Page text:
As soon as she regained a bit of strength, she was going to give the men hell for making her wait so long. Then, after they offered her their apologies, she was going to make them give her their pledge not to mention this shameful incident to their laird. By God, she’d nag that promise out of every one of them.

“Are you all right, m’lady?”

She couldn’t see the soldiers’ faces. She recognized Calum’s voice though.

“Yes, Calum,” she called back. “I’m quite all right.”

“She doesn’t sound all right,” said Keith. In a near shout, he added, “You killed our pet.”

The Maclaurin soldier sounded stunned. Johanna felt an explanation was necessary. She didn’t want any of the soldiers to think she had derived any sort of malicious satisfaction or pleasure from killing the beasts.

“It isn’t how it looks,” she shouted down.

“You didn’t kill them?”

“They look like her arrows,” Keith remarked.

“They wouldn’t leave me alone, sir. I had to kill them. Please don’t tell anyone, especially our laird. He’s too busy to be bothered by such an insignificant incident.”

“But m’lady ...”

“Calum, don’t argue with me. I’m not in the mood to be polite. I’ve had a trying morning. Just give me your word you’ll keep my secret.”

Johanna’s skirt was caught on the branch. While she worked at tugging it free, she waited for the soldiers to give her their pledges. She wasn’t going to get down from her perch until they did.

Gabriel would be furious. Just thinking about his reaction gave her goosebumps.

The men still hadn’t given her their promise. “It’s little enough to ask,” she muttered to herself.

Calum started laughing. It didn’t take her any time at all to understand why.

Gabriel already knew.

“Come down here. Now.”

The fury in her husband’s voice almost shook her out of the tree. Johanna grimaced. She leaned back against the crook in the tree, hoping to hide from her husband . . . and his wrath. She quickly realized what she was doing, muttered an unladylike expletive under her breath, and then leaned forward. She pushed a limb out of her way and looked down. She wished she hadn’t. She spotted Gabriel right away. He was looking up at her. His hands rested on the pommel of his saddle and he appeared to be only mildly irritated.

She knew better. Her husband hadn’t been able to keep the anger out of his voice when he’d rudely bellowed his command.

His mount was between Keith’s and Calum’s. Johanna let go of the branch and leaned back against the trunk of the tree. She could feel her face heat up with embarrassment. Gabriel had obviously been there all the while she was demanding his soldiers keep her secret from him.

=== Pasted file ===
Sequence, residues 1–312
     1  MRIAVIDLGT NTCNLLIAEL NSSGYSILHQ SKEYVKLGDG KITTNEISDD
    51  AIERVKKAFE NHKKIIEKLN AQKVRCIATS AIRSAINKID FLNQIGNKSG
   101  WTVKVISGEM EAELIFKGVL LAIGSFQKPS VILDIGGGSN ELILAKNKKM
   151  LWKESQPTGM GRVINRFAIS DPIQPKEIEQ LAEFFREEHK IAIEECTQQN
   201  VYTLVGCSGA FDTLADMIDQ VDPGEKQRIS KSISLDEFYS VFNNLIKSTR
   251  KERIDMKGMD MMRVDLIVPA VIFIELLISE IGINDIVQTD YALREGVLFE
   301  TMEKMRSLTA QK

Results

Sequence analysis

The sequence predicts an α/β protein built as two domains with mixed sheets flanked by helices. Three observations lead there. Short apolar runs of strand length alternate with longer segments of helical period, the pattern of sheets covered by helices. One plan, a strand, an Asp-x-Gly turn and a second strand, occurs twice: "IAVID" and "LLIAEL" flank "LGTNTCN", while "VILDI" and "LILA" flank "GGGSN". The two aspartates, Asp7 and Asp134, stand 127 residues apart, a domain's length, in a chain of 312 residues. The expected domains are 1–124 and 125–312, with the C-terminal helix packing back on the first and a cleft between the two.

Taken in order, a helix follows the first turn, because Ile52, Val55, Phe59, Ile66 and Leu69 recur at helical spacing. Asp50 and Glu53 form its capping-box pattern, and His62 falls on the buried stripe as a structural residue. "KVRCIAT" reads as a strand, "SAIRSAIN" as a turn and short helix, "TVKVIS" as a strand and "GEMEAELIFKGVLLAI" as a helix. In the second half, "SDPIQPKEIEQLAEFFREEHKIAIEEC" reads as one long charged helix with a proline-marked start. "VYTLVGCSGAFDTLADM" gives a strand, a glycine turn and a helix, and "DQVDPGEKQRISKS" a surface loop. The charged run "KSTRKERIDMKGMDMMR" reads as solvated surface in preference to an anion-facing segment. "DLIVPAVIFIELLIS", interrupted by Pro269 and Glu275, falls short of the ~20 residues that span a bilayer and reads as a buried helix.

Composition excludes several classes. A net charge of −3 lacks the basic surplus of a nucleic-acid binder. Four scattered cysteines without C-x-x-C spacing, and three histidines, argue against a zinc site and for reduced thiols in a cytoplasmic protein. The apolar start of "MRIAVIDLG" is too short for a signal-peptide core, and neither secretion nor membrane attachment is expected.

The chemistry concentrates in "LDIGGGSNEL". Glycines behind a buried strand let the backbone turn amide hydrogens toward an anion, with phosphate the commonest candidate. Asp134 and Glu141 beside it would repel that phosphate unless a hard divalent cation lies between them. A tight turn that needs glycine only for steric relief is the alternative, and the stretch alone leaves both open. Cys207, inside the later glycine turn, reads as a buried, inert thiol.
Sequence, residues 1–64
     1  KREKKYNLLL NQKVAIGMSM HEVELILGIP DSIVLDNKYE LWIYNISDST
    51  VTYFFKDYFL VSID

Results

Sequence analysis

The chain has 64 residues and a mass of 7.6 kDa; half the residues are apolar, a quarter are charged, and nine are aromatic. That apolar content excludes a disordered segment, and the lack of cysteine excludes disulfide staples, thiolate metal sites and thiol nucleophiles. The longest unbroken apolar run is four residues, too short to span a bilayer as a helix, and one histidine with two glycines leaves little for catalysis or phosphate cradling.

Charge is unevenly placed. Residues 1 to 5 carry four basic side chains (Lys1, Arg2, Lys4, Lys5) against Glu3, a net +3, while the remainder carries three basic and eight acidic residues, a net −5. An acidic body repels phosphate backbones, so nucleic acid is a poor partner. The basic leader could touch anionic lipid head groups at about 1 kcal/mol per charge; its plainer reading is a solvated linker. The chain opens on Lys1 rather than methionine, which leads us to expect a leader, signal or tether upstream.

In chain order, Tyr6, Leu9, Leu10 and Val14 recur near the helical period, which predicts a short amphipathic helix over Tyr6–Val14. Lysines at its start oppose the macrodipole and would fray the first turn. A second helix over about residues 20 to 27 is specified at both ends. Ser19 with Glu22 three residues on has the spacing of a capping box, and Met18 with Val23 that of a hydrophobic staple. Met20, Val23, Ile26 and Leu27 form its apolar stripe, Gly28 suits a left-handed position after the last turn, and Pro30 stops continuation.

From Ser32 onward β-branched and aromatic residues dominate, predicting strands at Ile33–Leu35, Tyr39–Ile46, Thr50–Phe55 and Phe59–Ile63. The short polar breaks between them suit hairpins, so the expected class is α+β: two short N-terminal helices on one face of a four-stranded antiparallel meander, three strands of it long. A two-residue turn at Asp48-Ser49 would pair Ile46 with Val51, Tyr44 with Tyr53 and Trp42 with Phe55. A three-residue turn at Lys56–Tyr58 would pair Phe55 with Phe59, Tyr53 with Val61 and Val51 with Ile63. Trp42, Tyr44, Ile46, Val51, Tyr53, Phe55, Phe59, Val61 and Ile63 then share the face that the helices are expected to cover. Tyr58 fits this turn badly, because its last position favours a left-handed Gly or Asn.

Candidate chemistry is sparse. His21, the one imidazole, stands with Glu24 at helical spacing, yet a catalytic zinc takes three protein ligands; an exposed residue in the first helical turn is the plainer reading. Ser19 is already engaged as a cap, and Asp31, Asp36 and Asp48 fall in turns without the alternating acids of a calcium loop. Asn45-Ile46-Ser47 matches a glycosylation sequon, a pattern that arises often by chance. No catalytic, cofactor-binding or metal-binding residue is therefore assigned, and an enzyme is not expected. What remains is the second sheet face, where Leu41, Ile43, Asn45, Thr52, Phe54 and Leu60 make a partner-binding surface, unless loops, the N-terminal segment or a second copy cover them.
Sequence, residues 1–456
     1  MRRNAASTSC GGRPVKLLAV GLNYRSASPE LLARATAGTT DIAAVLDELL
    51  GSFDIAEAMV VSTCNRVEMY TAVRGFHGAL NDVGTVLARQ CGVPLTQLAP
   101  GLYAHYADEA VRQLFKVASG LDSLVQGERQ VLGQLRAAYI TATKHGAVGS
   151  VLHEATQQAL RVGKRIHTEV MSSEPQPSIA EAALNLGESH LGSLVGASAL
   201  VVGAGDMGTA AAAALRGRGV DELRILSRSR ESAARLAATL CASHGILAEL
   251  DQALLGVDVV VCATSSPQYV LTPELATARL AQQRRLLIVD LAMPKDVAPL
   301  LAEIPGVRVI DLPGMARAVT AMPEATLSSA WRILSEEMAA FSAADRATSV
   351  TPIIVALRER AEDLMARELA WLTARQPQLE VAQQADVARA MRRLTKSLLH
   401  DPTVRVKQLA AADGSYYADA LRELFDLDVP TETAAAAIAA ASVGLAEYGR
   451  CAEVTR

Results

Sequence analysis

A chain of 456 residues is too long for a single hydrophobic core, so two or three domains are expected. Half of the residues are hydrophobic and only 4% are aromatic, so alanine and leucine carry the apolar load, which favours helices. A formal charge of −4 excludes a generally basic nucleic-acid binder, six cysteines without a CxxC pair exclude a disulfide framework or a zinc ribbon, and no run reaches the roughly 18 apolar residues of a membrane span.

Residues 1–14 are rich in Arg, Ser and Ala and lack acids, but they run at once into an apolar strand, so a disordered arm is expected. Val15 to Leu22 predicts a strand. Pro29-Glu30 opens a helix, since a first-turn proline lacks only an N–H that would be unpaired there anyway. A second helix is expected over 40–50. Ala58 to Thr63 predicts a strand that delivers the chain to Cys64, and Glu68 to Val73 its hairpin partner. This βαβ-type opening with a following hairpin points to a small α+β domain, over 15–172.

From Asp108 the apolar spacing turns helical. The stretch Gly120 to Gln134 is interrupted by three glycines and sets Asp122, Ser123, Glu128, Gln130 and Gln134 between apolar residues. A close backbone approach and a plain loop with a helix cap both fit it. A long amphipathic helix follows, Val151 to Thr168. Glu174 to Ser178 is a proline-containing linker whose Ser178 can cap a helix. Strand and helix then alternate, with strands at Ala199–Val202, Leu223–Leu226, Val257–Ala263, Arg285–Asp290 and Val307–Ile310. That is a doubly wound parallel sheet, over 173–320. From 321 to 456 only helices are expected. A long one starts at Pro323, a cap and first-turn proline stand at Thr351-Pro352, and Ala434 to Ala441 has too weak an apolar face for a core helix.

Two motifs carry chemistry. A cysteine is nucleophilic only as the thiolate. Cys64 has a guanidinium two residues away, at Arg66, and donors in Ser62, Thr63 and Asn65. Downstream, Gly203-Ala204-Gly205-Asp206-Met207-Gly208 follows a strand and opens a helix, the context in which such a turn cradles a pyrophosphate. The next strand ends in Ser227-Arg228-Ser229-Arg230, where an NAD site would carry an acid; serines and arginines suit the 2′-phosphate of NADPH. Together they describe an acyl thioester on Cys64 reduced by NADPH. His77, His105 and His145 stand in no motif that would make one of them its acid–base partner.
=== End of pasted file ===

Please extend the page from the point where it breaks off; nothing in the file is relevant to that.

Some sort of explanation was probably due now, she supposed, and given enough time, she could surely come up with something plausible. Johanna decided she wasn’t going to move until she did.

It was taking all of Gabriel’s concentration to keep his anger under control. He turned his gaze to the ground and once again counted the number of dead wolves, just to make certain his eyes hadn’t deceived him. Then he looked back up at her.

She hadn’t moved to do his bidding. God’s truth, she couldn’t. The threat of the wolves wasn’t over yet. There was still one down below, waiting to pounce on her.

“Johanna, get down here.”

She didn’t appreciate his surly tone of voice. She would have told him so, too, but she didn’t believe her opinion would matter much to him. She guessed she’d better try to accommodate him.

Unfortunately, her legs refused to accommodate her. She’d been gripping the branch with her thighs for so long, they seemed to turn to jelly when she tried to scoot down the trunk.

In the end, Gabriel had to come up and fetch her. He had to peel her hands away from the branch. She couldn’t seem to let go.

He placed her arms around his neck, then pulled her up against him. His one arm was spanning her waist, his other was draped over the branch to keep the two of them from slipping.

He didn’t move for a long minute. Johanna hadn’t realized how cold she was until the heat from his body began to warm her. She was shaking now.

So was he, she noticed. Was he so furious with her, he was shaking with rage?


The fear he heard in her voice was his undoing. “You will cease being afraid of me, damn it,” he told her in a low, furious whisper. “God’s truth, I would like to throttle some sense into you, woman, but I won’t ever harm you.”

His rebuke stung. She hadn’t done anything to cause his displeasure . . . except perhaps ignoring his ridiculous order to rest. Aye, she thought to herself, she did disregard his suggestion.

“I have already ceased being afraid of you, damn it,” she muttered against the side of his neck. She let out a sigh then. Gabriel was partial to honesty, and she supposed she’d only prick his anger further if she didn’t give him the full truth now.